Creation Date1931 – 1955
6.756 cm. L Item (Overall)
Description"Carved Ivory Billiken. This is a two and three-eights inch figure of and imp-like creature. The mouth is etched in black and smiling in a broad, upturned line. Vertical black lines are etched for eyes. The navel is black and right below this is a deeply carved ridge. The whole figure is carved from light tan, partially fossilized ivory. The stomach of this figure is round and protruding, probably because the Billiken was considered good luck, they rub the stomach of the Billiken and make their wish which is supposed to come true. This was not a tradition of the original Eskimos, but it has now been in use long enough so that it is can be considered an authentic and well-established custom. This was given to me [Cleora C. Helbing] by Mrs. Moskowitz."
In 1909, the Billiken began its appearance in souvenir shops of Alaska. In Nome, Alaska, an Eskimo carver by the name Angokwazhuk copied a billiken figurine in ivory brought to him by a merchant. Since that first appearance in Alaska, some Eskimo carvers began to include the billiken in the collection of figurines they create.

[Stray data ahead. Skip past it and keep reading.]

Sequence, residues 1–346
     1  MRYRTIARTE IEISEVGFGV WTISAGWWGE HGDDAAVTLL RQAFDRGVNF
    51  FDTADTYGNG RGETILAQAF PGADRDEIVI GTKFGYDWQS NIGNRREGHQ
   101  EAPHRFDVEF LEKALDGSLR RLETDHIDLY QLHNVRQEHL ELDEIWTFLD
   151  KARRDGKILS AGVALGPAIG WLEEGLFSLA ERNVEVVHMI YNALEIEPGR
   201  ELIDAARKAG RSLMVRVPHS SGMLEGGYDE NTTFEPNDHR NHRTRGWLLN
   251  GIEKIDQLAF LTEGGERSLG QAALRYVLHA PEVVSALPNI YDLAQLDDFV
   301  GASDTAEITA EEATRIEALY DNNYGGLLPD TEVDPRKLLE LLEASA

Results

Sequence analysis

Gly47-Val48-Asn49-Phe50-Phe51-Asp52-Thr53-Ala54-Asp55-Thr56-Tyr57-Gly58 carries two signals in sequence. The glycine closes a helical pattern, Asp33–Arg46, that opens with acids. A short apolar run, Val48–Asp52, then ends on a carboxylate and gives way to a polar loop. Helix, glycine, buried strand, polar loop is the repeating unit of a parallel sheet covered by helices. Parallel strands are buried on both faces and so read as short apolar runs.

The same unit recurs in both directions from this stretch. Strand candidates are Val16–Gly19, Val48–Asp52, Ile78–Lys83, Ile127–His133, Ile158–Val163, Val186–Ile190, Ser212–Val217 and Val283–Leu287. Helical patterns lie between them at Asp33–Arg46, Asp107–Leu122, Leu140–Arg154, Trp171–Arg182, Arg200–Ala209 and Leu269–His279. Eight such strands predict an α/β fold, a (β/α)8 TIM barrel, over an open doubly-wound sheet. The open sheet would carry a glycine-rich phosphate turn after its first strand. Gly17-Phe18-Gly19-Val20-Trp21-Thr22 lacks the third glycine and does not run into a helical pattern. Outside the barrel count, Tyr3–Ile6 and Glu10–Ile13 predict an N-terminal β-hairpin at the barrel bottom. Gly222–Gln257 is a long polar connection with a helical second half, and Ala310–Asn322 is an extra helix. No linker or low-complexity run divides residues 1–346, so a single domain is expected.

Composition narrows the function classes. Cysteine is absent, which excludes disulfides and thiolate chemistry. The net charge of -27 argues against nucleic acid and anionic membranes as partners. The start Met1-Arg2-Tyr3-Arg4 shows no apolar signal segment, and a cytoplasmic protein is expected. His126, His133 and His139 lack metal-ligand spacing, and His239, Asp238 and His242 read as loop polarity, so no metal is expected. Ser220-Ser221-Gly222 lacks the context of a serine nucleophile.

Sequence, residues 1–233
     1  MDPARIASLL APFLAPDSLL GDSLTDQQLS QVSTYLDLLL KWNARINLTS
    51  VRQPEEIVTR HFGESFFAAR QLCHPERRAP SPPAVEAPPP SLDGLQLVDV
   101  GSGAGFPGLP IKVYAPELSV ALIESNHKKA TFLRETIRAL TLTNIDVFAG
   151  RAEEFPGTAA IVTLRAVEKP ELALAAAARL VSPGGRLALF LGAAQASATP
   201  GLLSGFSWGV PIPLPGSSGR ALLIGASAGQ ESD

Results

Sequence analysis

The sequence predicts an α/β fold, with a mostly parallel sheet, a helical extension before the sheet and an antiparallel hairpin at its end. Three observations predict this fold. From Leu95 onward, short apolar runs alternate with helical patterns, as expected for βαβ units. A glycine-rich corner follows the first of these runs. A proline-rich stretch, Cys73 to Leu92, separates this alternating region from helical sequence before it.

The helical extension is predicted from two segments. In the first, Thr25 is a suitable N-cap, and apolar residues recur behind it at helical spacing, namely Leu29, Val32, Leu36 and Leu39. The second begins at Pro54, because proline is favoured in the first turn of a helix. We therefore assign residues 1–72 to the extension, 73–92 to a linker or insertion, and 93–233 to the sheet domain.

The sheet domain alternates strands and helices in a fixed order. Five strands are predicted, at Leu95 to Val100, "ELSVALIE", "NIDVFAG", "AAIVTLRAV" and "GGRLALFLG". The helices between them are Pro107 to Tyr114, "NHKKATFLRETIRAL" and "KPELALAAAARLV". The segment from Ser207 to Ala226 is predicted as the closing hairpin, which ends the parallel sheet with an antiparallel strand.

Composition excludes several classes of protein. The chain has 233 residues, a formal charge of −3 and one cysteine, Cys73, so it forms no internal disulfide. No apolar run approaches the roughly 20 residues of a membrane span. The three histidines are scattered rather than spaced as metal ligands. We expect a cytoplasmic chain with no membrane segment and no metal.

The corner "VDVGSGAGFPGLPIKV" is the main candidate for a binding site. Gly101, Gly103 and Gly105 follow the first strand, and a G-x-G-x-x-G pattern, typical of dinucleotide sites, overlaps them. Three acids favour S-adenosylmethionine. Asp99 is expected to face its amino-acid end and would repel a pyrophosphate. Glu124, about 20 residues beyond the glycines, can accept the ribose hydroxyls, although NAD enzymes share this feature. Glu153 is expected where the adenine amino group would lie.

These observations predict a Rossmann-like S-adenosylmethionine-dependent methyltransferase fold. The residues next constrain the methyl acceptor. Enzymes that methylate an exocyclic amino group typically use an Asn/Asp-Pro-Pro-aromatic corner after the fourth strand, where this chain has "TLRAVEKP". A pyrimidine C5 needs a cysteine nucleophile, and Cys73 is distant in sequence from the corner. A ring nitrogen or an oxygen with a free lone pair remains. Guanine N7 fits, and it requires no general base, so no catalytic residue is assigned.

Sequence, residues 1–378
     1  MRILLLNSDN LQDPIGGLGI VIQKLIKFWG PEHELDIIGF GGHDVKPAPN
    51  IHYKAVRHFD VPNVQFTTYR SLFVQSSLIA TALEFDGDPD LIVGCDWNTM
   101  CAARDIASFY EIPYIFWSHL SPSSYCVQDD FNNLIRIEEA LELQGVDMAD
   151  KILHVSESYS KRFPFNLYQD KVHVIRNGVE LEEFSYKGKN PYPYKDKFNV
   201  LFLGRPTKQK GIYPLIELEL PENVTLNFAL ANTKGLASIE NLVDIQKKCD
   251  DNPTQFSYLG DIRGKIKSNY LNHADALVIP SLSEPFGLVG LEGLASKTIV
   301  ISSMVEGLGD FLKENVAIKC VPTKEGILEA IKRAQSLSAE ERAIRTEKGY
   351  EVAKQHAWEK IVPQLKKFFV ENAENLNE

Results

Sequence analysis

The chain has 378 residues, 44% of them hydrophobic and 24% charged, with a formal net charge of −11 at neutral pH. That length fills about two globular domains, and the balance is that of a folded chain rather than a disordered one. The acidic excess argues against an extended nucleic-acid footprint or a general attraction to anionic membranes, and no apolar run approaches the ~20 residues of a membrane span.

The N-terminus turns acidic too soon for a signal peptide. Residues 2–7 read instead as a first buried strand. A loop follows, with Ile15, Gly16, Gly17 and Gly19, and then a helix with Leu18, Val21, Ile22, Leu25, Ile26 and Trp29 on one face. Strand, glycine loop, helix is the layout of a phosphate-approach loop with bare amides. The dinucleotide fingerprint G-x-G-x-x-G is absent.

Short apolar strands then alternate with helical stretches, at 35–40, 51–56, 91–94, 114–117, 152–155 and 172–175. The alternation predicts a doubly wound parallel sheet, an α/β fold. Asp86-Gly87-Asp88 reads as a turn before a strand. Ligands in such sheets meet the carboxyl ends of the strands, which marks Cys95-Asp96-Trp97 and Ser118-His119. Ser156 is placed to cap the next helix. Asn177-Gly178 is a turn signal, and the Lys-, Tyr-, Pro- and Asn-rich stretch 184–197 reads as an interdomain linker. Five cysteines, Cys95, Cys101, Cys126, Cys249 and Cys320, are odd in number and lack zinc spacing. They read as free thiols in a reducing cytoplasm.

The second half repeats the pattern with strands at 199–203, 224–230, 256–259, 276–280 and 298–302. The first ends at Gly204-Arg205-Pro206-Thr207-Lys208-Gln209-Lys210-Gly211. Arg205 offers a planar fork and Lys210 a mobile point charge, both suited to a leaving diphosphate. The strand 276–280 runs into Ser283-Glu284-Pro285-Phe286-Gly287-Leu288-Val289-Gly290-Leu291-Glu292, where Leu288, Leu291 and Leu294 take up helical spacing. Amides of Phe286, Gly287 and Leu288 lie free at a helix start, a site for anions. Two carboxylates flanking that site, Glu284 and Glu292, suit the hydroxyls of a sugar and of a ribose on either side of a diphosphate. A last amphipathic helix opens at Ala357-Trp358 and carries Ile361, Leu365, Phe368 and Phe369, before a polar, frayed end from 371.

1966.1.19 is the one on the right with the upturned face and the nostrils below the nose and large rounded ears with dots in them.
According to Ronald Senungetuk this is done in Seward Peninsula style.
Ivory Carving has a long history in the Artic and Subarctic. All the utensils, tools, and weapons were made by hand from ivory and other natural materials such as horn, bone, and animal hides. These same materials were used to make decorative objects. Traditionally, these decorative objects were also miniatures so that they could be transported easily by these nomadic people.
The color of the ivory changes with age. Fossilized ivory may be several thousands of years old. Its color can range from golden to brown or even black. These rare color ivories are more precious to Eskimo carvers than new white ivory.
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